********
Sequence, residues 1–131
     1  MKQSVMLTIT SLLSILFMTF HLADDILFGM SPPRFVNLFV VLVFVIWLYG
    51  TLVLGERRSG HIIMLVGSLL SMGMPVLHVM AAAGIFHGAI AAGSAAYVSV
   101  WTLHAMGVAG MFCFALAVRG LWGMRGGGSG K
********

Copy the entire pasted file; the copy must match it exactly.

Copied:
Sequence, residues 1–131
     1  MKQSVMLTIT SLLSILFMTF HLADDILFGM SPPRFVNLFV VLVFVIWLYG
    51  TLVLGERRSG HIIMLVGSLL SMGMPVLHVM AAAGIFHGAI AAGSAAYVSV
   101  WTLHAMGVAG MFCFALAVRG LWGMRGGGSG K